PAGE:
Deception Point Page 38
Tench stood suddenly, her lanky frame dominating the cramped space. With the cigarette dangling from her lips, she walked over to a wall safe, removed a thick manila envelope, returned to the desk, and sat back down.
Gabrielle eyed the burgeoning envelope.
Tench smiled, cradling the envelope in her lap like a poker player holding a royal flush. Her yellowed fingertips flicked at the corner, making an annoying repetitive scratch, as if savoring the anticipation.
Gabrielle knew it was just her own guilty conscience, but her first fears were that the envelope contained some kind of proof of her sexual indiscretion with the senator. Ridiculous, she thought. The encounter had occurred after hours in Sexton’s locked senatorial office. Not to mention, if the White House actually had any evidence, they would have gone public with it already.
They may be suspicious, Gabrielle thought, but they don’t have proof.
Tench crushed out her cigarette. “Ms. Ashe, whether or not you are aware, you are caught in the middle of a battle that has been raging behind the scenes in Washington since 1996.”
This opening gambit was not at all what Gabrielle expected. “I beg your pardon?”
Tench lit another cigarette. Her spindly lips curled around it, and the tip glowed red. “What do you know about a bill called the Space Commercialization Promotions Act?”
Gabrielle had never heard of it. She shrugged, lost.
“Really?” Tench said. “That surprises me. Considering your candidate’s platform. The Space Commercialization Promotions Act was proposed back in 1996 by Senator Walker. The bill, in essence, cites the failure of NASA to do anything worthwhile since putting a man on the moon. It calls for the privatization of NASA by immediately selling off NASA assets to private aerospace companies and allowing the free-market system to explore space more efficiently, thus relieving the burden NASA now places on taxpayers.”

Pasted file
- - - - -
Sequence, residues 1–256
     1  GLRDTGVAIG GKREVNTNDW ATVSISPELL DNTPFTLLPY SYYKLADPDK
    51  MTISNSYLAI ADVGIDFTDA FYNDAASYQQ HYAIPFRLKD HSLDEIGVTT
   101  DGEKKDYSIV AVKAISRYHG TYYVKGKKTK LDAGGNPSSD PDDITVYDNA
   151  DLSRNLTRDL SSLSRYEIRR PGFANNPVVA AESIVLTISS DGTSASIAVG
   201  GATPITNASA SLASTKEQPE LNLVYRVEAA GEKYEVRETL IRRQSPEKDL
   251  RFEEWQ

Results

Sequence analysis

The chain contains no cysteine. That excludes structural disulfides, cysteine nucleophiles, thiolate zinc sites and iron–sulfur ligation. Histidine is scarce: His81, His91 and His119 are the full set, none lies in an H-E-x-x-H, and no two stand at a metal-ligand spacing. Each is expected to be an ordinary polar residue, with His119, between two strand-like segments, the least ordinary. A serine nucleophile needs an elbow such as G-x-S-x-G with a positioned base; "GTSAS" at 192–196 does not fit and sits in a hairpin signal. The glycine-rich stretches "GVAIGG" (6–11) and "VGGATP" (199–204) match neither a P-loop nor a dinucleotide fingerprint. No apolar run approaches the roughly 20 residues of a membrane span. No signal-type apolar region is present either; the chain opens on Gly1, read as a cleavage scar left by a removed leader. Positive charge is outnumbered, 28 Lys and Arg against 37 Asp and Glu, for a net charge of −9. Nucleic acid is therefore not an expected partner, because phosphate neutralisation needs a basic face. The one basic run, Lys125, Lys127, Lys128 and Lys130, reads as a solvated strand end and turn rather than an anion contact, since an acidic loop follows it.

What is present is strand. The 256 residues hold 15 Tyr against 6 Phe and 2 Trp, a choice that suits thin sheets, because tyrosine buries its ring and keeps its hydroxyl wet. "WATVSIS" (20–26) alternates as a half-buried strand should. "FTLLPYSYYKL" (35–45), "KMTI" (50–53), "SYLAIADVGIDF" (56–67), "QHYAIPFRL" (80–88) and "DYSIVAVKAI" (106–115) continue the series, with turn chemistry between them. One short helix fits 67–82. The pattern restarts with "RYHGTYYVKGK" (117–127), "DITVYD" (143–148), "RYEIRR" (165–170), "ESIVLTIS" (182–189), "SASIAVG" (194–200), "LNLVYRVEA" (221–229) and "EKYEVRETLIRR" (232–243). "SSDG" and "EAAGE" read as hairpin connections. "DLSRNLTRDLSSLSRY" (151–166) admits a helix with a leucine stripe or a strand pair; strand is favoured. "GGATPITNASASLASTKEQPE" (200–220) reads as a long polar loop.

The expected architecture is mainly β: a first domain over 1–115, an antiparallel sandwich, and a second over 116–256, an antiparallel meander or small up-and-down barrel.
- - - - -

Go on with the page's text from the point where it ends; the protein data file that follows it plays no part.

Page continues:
Gabrielle had heard NASA critics suggest privatization as a solution to NASA’s woes, but she was not aware the idea had actually taken the form of an official bill.
“This commercialization bill,” Tench said, “has been presented to Congress four times now. It is similar to bills that have successfully privatized government industries like uranium production. Congress has passed the space commercialization bill all four times it has seen it. Thankfully, the White House vetoed it on all occasions. Zachary Herney has had to veto it twice.”
“My point is that this bill is one Senator Sexton will certainly support if he becomes President. I have reason to believe Sexton will have no qualms about selling off NASA assets to commercial bidders the first chance he gets. In short, your candidate would support privatization over having American tax dollars fund space exploration.”
“To my knowledge, the senator has never commented publicly about his stance on any Space Commercialization Promotions Act.”
“True. And yet knowing his politics, I assume you would not be surprised if he supported it.”
“Free-market systems tend to breed efficiency.”
“I’ll take that as a ‘yes.'” Tench stared. “Sadly, privatizing NASA is an abominable idea, and there are countless reasons why every White House administration since the bill’s inception has shot it down.”
“I’ve heard the arguments against privatizing space,” Gabrielle said, “and I understand your concerns.”
“Do you?” Tench leaned toward her. “Which arguments have you heard?”
Gabrielle shifted uneasily. “Well, the standard academic fears mostly-the most common being that if we privatize NASA, our current pursuit of scientific space knowledge would be quickly abandoned in favor of profitable ventures.”